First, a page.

Reducing Uncertainty

I have been a doula for many years, I have supported hundreds and hundreds of mothers in birth and never yet have I heard ONE woman regret the decision to have a midwife come to them and from there, just SEE

. how they feel
. if they are well
. what labour actually involves

I understand the logic in THEORY of planning to go to the midwife led unit or labour ward without further debate. That people feel it's a new experience, that they've never done it before etc, etc.

But in practice, how does it make sense to take an experience you haven't been through before and without further consideration, add in EXTRA uncertainty. If you are healthy and your body and baby are equipped for birth, how does it make sense to address an unknown with more UNKNOWN?

Over and OVER again, I hear mothers who've given birth saying, 'well it felt alright when I was home...' or' when I was in my bedroom, it felt was when I got to hospital, that it all started feeling too much.'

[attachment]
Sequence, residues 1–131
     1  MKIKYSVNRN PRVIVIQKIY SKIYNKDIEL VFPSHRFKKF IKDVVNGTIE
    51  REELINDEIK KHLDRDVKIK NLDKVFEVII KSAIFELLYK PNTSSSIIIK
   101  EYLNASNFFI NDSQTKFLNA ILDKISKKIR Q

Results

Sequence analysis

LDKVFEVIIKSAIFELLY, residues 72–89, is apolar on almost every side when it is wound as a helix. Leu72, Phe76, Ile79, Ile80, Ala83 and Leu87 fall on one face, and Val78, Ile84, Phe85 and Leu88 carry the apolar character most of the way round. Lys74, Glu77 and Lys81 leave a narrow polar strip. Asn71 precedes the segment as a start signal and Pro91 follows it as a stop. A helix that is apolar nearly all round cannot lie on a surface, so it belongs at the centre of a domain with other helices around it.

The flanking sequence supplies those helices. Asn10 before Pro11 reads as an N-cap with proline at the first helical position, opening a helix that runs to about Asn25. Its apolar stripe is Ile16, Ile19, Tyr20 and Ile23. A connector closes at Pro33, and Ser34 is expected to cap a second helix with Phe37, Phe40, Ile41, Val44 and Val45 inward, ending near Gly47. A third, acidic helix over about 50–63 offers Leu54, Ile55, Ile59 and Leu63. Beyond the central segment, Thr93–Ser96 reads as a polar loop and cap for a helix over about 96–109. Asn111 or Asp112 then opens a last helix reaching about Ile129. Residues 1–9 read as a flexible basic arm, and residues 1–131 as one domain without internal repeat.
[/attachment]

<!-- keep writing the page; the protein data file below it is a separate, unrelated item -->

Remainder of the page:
I think it actually comes as a surprise to many women how familiar and normal the feelings of birth turn out to be.

Then what suddenly DOESN'T feel normal is having to get re-dressed, call a taxi or find a way to sit in the back of a car and travel into a place you don't know, and be with people you've never met, bang in the midst of a really, really physically and emotionally intense pexperience.

NOW the uncertainty of their body pales in the face of the many uncertainties they have CHOSEN and now face.

So if you are pregnant, reflect on how you can build in plenty of certainty for yourself (and the security and confidence that comes with that) in advance.

Consider closely what you DO know about your birth

1) whether or not you are healthy

2) whether or not your pregnancy is low risk 
3) whether you and your baby are EQUIPPED for birth 
4) That like all women, your body in birth will have very specific needs that you can easily provide (privacy, quiet, safety, zero-stimulation)

and make your plans from there. It might be having a doula or experienced birth partner coming to join you at home, to help you find a deeper rhythm BEFORE going in. It might be booking a midwife from the community team, ie homebirth, but keeping an open mind. And it might be starting off in your own bedroom, having support come to you and staying absolutely put.